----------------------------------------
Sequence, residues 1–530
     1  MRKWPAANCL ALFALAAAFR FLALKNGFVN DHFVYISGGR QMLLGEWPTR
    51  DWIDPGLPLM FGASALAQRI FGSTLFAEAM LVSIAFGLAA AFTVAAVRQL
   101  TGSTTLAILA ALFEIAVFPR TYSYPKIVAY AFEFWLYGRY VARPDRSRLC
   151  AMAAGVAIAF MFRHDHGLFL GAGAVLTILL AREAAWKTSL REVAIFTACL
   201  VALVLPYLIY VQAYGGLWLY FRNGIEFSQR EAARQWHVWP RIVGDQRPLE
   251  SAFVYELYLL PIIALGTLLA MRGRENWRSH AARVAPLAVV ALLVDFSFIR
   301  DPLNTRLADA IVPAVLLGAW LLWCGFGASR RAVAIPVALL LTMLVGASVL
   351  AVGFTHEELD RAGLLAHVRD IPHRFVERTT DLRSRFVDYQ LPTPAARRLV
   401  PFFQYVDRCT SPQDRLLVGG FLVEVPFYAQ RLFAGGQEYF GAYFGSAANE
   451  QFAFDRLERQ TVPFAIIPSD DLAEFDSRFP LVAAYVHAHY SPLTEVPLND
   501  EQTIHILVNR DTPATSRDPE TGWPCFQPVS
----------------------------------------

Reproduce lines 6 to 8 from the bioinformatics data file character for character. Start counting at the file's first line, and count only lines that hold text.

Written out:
   201  VALVLPYLIY VQAYGGLWLY FRNGIEFSQR EAARQWHVWP RIVGDQRPLE
   251  SAFVYELYLL PIIALGTLLA MRGRENWRSH AARVAPLAVV ALLVDFSFIR
   301  DPLNTRLADA IVPAVLLGAW LLWCGFGASR RAVAIPVALL LTMLVGASVL